The Israeli government on Monday relaxed some restrictions on goods and mail entering and leaving the Gaza Strip, after a tight ban that lasted since last month’s round of fighting.
After a security meeting Sunday, a decision was made by the political leaders to allow agricultural and textile exports from the Strip starting Monday morning, defense officials said.
Agricultural goods will be allowed for export to the Palestinian Authority in the West Bank and overseas, but not to Israel. However, textiles will be allowed into Israel following a specific request from an Israeli textile company that works with suppliers in Gaza, the officials said.
The goods will be allowed through the Kerem Shalom crossing.
Palestinians said they had been informed of additional restrictions being lifted.
“The Israeli side informed the Civil Affairs Commission… that mail is allowed to enter and exit the Gaza Strip… after a ban that lasted more than a month and a half,” Saleh al-Ziq, a senior Gaza-based official in the Palestinian Authority Civil Affairs Commission, said in a statement.
Al-Ziq added that Gazans stuck abroad since the 11-day escalation of violence between Israel and the Hamas terror group, which started May 10, would now be allowed to reenter the enclave via the Erez Crossing from Israel.
Exports of clothing and food to Israel and the West Bank will also recommence, he said.
The Palestinian official said that passports held by Israeli mail will be released. Around 5,000 authorized travel documents are currently being held in Ramallah, waiting to be sent to their owners, the Haaretz daily reported last week.
The easing comes as Israel and the Gaza Strip have seen continued tensions. Gaza-based terror groups have launched explosive balloons into Israeli territory, igniting wildfires in areas close to the Strip, and Israel has responded with airstrikes against Hamas targets.
While a ceasefire between the two sides ended the fighting in late May, international mediators have warned that it remains fragile, and have said that they seek to strengthen it.
United Nations peace process envoy Tor Wennesland “is continuing his diplomatic engagements with all sides towards that aim,” a UN spokesperson said last week.
Israel and Egypt have blockaded the coastal enclave since 2006, imposing tight restrictions on the movement of people and goods. Both countries say the blockade prevents Hamas terrorists from posing an even more serious security threat.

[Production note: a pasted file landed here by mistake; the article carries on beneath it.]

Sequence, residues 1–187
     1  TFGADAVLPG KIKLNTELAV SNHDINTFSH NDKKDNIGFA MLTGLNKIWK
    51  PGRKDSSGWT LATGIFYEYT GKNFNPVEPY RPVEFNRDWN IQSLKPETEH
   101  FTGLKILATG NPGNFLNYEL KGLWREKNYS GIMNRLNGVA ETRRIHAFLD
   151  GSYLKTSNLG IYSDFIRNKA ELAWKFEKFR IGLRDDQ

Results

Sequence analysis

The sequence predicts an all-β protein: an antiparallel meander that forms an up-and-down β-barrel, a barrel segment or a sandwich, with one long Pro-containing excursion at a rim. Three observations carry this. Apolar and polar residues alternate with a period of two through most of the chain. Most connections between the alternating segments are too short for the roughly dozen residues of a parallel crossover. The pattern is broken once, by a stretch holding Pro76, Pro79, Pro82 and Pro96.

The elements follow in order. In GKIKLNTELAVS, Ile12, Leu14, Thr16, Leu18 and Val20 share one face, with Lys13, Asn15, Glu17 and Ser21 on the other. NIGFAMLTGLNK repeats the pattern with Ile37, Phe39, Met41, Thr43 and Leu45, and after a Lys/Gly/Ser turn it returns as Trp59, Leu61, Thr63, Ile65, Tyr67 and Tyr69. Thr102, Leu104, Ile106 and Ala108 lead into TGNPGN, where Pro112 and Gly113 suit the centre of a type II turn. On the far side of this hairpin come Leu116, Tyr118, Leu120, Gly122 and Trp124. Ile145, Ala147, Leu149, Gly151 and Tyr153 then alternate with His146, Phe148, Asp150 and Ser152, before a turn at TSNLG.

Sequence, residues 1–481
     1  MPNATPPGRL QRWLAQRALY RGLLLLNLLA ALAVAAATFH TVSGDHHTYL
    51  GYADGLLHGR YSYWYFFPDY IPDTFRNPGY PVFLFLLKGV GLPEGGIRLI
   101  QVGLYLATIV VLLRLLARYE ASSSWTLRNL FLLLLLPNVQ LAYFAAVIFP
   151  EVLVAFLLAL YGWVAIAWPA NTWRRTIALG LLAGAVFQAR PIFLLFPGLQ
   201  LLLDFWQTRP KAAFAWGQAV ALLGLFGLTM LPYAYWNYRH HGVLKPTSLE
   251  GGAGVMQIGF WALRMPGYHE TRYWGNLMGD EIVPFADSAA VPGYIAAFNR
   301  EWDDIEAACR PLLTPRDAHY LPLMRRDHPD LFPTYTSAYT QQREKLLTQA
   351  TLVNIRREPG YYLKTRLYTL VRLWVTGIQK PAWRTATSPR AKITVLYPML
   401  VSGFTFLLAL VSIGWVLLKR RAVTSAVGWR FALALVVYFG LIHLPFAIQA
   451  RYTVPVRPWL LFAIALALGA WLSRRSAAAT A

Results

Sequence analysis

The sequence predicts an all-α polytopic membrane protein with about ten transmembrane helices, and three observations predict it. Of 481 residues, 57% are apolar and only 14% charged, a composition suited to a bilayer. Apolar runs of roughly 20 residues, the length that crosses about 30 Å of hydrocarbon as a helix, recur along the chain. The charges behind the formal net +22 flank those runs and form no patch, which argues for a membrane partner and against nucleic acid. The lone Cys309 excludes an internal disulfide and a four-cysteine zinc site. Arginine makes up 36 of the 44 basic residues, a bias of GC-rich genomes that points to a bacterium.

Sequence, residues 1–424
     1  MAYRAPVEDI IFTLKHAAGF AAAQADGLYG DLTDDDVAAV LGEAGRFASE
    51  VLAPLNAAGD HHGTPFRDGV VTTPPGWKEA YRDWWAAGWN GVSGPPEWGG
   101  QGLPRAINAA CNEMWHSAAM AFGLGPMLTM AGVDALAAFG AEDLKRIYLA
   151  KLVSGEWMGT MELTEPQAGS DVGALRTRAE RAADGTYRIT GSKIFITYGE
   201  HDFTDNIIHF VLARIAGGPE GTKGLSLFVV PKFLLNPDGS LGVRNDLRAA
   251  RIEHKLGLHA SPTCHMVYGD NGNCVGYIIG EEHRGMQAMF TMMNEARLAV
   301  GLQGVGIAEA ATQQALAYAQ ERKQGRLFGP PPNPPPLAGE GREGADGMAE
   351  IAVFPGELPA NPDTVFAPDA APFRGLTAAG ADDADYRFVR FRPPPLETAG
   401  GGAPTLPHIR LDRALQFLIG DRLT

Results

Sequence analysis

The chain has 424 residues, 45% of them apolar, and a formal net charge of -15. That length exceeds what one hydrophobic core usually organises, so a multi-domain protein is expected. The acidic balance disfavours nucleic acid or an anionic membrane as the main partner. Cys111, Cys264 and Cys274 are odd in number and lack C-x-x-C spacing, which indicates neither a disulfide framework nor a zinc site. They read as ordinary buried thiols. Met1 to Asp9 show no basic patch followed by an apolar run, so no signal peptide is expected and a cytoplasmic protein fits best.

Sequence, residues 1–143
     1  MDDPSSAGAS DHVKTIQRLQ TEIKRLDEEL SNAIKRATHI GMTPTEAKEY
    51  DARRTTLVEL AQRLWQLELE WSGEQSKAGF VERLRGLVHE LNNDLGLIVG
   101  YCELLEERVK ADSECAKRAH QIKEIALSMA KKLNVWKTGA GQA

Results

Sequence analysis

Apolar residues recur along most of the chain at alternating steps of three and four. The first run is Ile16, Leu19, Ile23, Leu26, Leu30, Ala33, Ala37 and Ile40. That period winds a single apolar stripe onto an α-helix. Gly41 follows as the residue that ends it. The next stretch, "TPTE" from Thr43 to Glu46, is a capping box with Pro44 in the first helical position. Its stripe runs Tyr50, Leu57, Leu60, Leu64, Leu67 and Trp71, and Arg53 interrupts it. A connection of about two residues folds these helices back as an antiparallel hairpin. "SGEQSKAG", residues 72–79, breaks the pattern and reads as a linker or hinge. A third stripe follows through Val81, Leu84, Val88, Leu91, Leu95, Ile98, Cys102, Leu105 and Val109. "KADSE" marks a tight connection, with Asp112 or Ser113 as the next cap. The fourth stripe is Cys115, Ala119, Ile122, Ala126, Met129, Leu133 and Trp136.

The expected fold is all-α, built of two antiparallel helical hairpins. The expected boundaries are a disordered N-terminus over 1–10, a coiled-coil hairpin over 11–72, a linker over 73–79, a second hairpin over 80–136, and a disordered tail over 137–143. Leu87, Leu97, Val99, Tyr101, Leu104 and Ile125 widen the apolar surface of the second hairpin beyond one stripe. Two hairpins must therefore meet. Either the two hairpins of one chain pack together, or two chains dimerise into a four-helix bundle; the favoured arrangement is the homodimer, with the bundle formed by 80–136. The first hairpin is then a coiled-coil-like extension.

But rights groups lament the impact the restrictions have had on Gaza’s civilian population. The tight sanctions have led to high unemployment and crumbling infrastructure, and bureaucratic entanglements can make leaving the Strip through its Israeli and Egyptian crossings a very difficult task.
During the recent round of fighting between Israel and Hamas in May, Israel shut down all the crossings with the Gaza Strip. Only a few exceptions were made for specific aid convoys to enter the coastal enclave during the fighting. Gaza-based terror groups bombarded some of the convoys, wounding one Israeli soldier, the Israeli military said.
Since the 11-day escalation, a few restrictions have been eased. Gazans seeking medical care were allowed to leave the enclave for treatment in hospitals in Israel and in the West Bank.
But Israel still maintains tight control over goods, including mail, that enter and leave the Strip. Defense Minister Benny Gantz has said that Israel will not permit a full reconstruction of Gaza — with the influx of materials that would entail — without the return of two Israeli civilian captives and the bodies of two Israeli soldiers currently held by Hamas.
Hamas, for its part, has rejected any connection between the reconstruction of Gaza and a potential prisoner exchange with Israel.